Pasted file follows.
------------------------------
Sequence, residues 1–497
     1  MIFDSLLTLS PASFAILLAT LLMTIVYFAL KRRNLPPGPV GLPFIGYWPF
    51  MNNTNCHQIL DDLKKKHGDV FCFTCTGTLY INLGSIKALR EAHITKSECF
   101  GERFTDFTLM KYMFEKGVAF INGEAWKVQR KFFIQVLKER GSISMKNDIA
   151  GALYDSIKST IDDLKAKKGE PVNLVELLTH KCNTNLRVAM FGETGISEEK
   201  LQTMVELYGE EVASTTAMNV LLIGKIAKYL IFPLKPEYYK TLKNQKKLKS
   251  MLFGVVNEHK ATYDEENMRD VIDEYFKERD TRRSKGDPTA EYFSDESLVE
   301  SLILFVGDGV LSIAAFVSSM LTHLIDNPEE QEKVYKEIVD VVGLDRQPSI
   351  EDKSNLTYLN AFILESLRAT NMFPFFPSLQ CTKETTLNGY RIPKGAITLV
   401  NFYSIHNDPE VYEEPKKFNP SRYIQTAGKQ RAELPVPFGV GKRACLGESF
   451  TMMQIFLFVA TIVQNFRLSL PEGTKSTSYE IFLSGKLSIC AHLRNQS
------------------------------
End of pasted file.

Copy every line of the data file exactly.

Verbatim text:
Sequence, residues 1–497
     1  MIFDSLLTLS PASFAILLAT LLMTIVYFAL KRRNLPPGPV GLPFIGYWPF
    51  MNNTNCHQIL DDLKKKHGDV FCFTCTGTLY INLGSIKALR EAHITKSECF
   101  GERFTDFTLM KYMFEKGVAF INGEAWKVQR KFFIQVLKER GSISMKNDIA
   151  GALYDSIKST IDDLKAKKGE PVNLVELLTH KCNTNLRVAM FGETGISEEK
   201  LQTMVELYGE EVASTTAMNV LLIGKIAKYL IFPLKPEYYK TLKNQKKLKS
   251  MLFGVVNEHK ATYDEENMRD VIDEYFKERD TRRSKGDPTA EYFSDESLVE
   301  SLILFVGDGV LSIAAFVSSM LTHLIDNPEE QEKVYKEIVD VVGLDRQPSI
   351  EDKSNLTYLN AFILESLRAT NMFPFFPSLQ CTKETTLNGY RIPKGAITLV
   401  NFYSIHNDPE VYEEPKKFNP SRYIQTAGKQ RAELPVPFGV GKRACLGESF
   451  TMMQIFLFVA TIVQNFRLSL PEGTKSTSYE IFLSGKLSIC AHLRNQS